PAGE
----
In addition to tied aid, the Canadian government asserts its influence in Peru through the Canadian Embassy. So far, Wikileaks has provided us with one of the most telling insights:

Toward the end of the Toledo administration, in August 2005, a Wikileaks cable from the US Embassy in Lima laid out how Canadian and US Ambassadors lobbied on behalf of major mining companies operating in Peru, encouraging measures to criminalize growing dissent. Representatives from major companies such as Newmont, BHP Billiton and Toronto-based Barrick Gold were present, and Swiss, Australian and British diplomats attended, along with Canada and the US. The US cable calls this set of embassies, a “diplomatic mining group.”

In recent years, since the 2009 ratification of the Peru Canada Free Trade Agreement and most concertedly between 2012 and 2014, Peru and Canada have held a considerable number of high level meetings. Shortly after President Humala was in Ottawa, he rushed through reforms to weaken Peru’s nascent and still weak environmental institutions, justified as necessary to remove red tape to help attract investment. Among other things, these laws stripped the Ministry of the Environment (MINAM) of its jurisdiction over air, soil and water quality standards and of its ability to establish protected areas.

[read more=”Click to READ MORE examples of Canadian intervention in Peru” less=”Read Less”]

▷ Canadian company Barrick Gold and World Vision have had a partnership since 2007 at the company’s Lagunas Norte project in the department of La Libertad. Recently, the project obtained Canadian aid funding, although the mine project remains the subject of persistent complaints over contaminated water supplies and jobs. This is an example that illustrates how NGO-mining company partnerships and the Corporate Social Responsibility (CSR) approach can undermine community attempts to address the negative impacts from large-scale mining.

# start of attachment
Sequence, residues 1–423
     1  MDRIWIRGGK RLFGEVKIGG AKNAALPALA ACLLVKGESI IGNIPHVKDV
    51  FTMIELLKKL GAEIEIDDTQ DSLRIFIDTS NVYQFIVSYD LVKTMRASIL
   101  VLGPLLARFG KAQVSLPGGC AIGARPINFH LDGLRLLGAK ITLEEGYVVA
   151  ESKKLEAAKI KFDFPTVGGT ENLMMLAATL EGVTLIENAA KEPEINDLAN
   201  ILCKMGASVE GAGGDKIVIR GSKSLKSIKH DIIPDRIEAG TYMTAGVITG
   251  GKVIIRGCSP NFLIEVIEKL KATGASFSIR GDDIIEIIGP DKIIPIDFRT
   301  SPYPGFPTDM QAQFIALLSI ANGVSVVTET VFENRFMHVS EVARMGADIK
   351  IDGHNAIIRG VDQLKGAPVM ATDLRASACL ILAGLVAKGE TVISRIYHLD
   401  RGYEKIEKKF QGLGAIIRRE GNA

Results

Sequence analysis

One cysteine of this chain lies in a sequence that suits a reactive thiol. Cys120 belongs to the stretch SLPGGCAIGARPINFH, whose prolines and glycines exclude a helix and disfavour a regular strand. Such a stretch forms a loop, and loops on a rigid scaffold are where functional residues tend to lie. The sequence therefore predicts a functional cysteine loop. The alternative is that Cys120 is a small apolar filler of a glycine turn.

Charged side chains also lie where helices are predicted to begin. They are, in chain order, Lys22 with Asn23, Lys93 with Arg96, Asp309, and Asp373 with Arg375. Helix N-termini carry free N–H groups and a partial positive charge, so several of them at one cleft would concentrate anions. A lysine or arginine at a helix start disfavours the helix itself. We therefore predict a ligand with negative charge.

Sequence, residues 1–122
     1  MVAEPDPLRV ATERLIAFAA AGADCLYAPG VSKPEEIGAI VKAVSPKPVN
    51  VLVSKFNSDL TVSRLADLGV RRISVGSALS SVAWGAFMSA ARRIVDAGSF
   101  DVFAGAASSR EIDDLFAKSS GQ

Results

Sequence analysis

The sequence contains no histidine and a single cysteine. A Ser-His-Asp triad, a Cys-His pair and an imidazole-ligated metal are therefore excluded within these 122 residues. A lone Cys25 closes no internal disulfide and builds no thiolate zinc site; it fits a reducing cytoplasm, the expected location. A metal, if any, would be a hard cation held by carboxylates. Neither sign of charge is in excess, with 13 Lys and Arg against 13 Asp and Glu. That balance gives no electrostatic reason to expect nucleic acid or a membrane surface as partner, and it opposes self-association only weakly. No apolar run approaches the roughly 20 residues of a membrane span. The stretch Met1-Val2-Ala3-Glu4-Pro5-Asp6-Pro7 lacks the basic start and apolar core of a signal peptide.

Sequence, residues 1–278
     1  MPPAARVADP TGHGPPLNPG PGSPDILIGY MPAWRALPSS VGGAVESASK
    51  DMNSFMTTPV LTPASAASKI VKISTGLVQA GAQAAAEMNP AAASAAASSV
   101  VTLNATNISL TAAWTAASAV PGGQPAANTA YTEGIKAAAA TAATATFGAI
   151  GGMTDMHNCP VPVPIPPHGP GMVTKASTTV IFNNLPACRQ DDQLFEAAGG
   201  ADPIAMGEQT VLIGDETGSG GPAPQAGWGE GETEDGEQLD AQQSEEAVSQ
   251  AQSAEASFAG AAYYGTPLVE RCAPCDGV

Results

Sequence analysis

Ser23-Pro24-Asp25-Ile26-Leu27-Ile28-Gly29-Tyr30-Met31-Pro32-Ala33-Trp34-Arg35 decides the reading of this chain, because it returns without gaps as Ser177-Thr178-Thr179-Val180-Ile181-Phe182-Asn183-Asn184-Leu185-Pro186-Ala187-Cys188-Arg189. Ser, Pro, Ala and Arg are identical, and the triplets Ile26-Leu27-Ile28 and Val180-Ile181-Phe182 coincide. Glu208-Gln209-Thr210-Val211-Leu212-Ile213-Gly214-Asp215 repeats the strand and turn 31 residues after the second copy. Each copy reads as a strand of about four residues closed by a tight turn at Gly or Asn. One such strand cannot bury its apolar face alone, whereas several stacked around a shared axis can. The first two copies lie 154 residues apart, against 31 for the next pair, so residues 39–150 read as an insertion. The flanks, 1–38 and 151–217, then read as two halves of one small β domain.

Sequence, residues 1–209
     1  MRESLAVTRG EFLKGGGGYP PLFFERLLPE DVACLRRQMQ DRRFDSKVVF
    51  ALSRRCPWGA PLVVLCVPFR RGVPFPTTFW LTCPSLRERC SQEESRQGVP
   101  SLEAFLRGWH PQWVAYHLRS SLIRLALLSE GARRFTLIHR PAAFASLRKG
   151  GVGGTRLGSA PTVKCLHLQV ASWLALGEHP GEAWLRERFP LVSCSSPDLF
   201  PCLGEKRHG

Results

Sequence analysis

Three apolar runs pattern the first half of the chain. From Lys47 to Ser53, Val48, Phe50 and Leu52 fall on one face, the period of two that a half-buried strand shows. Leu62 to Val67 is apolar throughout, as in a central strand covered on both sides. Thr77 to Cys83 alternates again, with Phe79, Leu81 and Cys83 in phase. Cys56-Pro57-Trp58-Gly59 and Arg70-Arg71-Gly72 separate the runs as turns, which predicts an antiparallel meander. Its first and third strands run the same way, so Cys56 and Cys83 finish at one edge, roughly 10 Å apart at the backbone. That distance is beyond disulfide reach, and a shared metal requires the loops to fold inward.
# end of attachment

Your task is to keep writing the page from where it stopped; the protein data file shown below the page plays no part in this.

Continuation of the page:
▷ Barrick Gold’s Pierina open-pit gold mine in the department of Ancash impacts a number of Quechua indigenous communities who have raised ongoing complaints about water contamination and water sources drying up. In operation since 1998, and now in the process of closure, police responded to a protest in September 2012 over the lack of clean water in the community of Marinayoc with tear gas and bullets. As of November 2014, Peru’s Ombudsman’s office was still reporting two conflicts between communities and Barrick Gold over lack of adequate water supplies.

▷ Mere weeks before HudBay Minerals announced that it began production at its Constancia open-pit copper mine in December 2014, local communities protested. Community members demanded the presence of company management saying that trust had deteriorated with local company officials. National police, who were both inside and outside of the company gates, some dressed in ponchos with company logos, behaviour sent a clear message to protesters about whose side they were on. So did the provincial governor, who refused protective measures for community members, but was willing to grant them for company representatives. [/read]